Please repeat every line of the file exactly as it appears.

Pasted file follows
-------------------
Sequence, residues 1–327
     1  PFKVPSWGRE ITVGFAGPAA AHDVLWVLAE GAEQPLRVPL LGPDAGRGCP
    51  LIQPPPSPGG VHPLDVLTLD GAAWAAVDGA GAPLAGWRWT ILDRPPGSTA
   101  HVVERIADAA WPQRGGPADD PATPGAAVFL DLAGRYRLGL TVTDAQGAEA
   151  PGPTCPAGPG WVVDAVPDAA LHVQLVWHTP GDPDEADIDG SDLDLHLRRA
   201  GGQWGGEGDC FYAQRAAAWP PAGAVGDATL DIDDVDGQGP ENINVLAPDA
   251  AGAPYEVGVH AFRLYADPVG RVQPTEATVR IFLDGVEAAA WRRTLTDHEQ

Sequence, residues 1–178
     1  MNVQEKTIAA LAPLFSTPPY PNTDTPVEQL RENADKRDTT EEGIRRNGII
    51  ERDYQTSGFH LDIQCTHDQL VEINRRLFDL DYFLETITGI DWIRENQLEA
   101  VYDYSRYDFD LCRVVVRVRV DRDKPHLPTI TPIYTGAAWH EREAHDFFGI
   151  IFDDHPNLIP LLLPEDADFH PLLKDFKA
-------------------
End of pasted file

Sequence, residues 1–327
     1  PFKVPSWGRE ITVGFAGPAA AHDVLWVLAE GAEQPLRVPL LGPDAGRGCP
    51  LIQPPPSPGG VHPLDVLTLD GAAWAAVDGA GAPLAGWRWT ILDRPPGSTA
   101  HVVERIADAA WPQRGGPADD PATPGAAVFL DLAGRYRLGL TVTDAQGAEA
   151  PGPTCPAGPG WVVDAVPDAA LHVQLVWHTP GDPDEADIDG SDLDLHLRRA
   201  GGQWGGEGDC FYAQRAAAWP PAGAVGDATL DIDDVDGQGP ENINVLAPDA
   251  AGAPYEVGVH AFRLYADPVG RVQPTEATVR IFLDGVEAAA WRRTLTDHEQ

Sequence, residues 1–178
     1  MNVQEKTIAA LAPLFSTPPY PNTDTPVEQL RENADKRDTT EEGIRRNGII
    51  ERDYQTSGFH LDIQCTHDQL VEINRRLFDL DYFLETITGI DWIRENQLEA
   101  VYDYSRYDFD LCRVVVRVRV DRDKPHLPTI TPIYTGAAWH EREAHDFFGI
   151  IFDDHPNLIP LLLPEDADFH PLLKDFKA